He was convicted and sentenced to hang at the age of 17 for killing elderly shopkeeper, Millicent Lyder, whose Bank Hall Road St. Michael business was located opposite where now sits Abundant Life Assembly.
And this morning, just before 11 o’clock, Michael Taylor, now age 45, originally of 3rd Avenue, Long Gap, Spooners Hill, St. Michael, walked out of the Dodds Prison in St. Philip, a free man, with only a black carry on bag in his hand.
Wearing a peach long sleeved shirt, black tie, black pants and black leather shoes, a bespectacled Taylor with receding hair line, paused and shook hands with Assistant Chief Officer, William Harvey and Public Relations Officer at the Prison, Ryan Phillips.
They engaged in a lively discussion for about five minutes before the small-framed former death row inmate, walked through the main security gate and left behind, the penal institution he had called home for the past 28 years.
Before his “final” departure, Taylor also waved goodbye to other inmates who were working on the farm and they shouted back to him by name. As the distance between him and the prison gates became greater, the ex-convict was asked by reporters to share his thoughts on his freedom. Showing little emotion while approaching the visitors’ car park to meet his waiting relatives, Taylor would only tell reporters “no comment.”
He conveyed the impression that he was simply anxious to get as far away from Dodds as possible.
“Where are they,” Taylor whispered, as his eyes panned the car park in search of his relatives. A car, driven by a female with another female in the front passenger seat, slowly drove up, stopped and they shouted “Michael.” He acknowledged the occupants, opened the rear door and he got in.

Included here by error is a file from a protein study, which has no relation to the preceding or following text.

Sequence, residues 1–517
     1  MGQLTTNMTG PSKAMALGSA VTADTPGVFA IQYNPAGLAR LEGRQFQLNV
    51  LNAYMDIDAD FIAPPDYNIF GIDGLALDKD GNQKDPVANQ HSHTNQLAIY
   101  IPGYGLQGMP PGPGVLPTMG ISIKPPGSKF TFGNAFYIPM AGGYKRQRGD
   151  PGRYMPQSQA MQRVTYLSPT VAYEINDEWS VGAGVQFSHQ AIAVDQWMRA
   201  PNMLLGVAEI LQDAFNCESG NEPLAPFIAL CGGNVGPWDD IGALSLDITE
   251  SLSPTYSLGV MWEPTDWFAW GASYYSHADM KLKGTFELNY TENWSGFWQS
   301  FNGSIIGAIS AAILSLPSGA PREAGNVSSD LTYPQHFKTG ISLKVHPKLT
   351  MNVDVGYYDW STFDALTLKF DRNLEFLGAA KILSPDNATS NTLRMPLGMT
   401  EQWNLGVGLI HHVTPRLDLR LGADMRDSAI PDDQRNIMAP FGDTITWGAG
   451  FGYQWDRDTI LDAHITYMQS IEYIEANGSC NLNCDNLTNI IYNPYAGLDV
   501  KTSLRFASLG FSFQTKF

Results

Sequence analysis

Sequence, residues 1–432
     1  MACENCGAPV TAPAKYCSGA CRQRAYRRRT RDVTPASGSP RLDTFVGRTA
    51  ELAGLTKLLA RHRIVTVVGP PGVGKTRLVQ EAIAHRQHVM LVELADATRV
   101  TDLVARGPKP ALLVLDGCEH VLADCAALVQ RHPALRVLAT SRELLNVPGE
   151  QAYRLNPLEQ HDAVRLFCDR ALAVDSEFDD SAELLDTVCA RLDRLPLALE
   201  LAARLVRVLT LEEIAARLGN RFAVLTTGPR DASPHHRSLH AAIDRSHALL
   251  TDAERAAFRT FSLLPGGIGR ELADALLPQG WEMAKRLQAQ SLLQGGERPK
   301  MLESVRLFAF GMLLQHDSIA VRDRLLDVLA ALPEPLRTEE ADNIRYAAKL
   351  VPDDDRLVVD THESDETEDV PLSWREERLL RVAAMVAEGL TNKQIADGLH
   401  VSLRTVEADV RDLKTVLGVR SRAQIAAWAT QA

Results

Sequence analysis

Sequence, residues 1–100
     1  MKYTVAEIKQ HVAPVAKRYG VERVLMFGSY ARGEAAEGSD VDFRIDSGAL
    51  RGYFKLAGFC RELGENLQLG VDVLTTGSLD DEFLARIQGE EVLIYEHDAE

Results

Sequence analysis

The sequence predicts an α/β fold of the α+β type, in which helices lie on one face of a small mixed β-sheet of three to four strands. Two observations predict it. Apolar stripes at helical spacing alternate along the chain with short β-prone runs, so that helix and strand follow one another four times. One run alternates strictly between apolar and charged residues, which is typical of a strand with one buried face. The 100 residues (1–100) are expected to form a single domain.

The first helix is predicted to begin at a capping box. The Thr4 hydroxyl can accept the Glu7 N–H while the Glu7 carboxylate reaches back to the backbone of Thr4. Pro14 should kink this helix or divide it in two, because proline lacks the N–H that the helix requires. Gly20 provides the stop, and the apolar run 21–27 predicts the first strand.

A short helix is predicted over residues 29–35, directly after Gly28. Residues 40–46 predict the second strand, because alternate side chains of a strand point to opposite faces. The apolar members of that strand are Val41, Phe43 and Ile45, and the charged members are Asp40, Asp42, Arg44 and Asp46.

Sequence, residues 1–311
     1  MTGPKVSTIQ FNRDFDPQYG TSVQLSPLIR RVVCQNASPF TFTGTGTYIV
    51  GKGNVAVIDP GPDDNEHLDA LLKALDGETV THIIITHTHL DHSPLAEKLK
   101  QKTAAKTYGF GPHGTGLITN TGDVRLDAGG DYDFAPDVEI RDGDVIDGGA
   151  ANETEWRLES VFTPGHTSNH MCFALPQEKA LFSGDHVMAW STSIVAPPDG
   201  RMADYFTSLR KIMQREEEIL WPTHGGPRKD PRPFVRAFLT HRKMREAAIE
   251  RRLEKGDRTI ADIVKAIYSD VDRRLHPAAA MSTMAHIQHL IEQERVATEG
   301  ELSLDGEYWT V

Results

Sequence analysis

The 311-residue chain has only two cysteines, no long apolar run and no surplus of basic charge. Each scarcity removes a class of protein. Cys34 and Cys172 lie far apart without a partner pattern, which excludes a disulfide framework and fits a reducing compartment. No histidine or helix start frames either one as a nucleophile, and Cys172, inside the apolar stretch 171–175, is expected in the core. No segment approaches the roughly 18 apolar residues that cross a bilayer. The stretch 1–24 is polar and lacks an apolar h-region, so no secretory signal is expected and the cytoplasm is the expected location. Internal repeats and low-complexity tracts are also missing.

As the former murder convict boarded the vehicle, registered to a Chapman Lane, City resident, he was asked “how are you?” “I’m okay,” he replied. That vehicle, followed by a second, drove off in the distance.
Minutes afterwards, the Prison’s PRO, Ryan Phillips told this newspaper what the earlier conversation with Taylor was about. Phillips said he and his colleague Harvey gave Taylor some guidance and advice and told him a lot of changes had occurred over the past 28 years while he was behind bars. He said that Taylor told them he had been asking a lot of questions about his release and had been preparing for it.
Asked what kind of prisoner the convicted killer was, Phillips responded, “He was a role model. A lot of the inmates would go to him and get guidance.”
Taylor was jointly convicted in 1984 with Patrick Greaves of Mansion Road, Bank Hall, a stone’s throw from the scene of the crime.
In 1986 the two appealed their death sentences, but had those appeals rejected. However, in 1989 both sentences were commuted to life imprisonment.
Back in 1984 the battered and bloodied body of Lyder who lived alone, was discovered after she failed to open her shop. Investigations later revealed that she had been beaten about the head with a blunt object. Greaves remains in prison, but Barbados TODAY has been reliably informed that he, too, has been interviewed to determine a decision on his release. (EJ)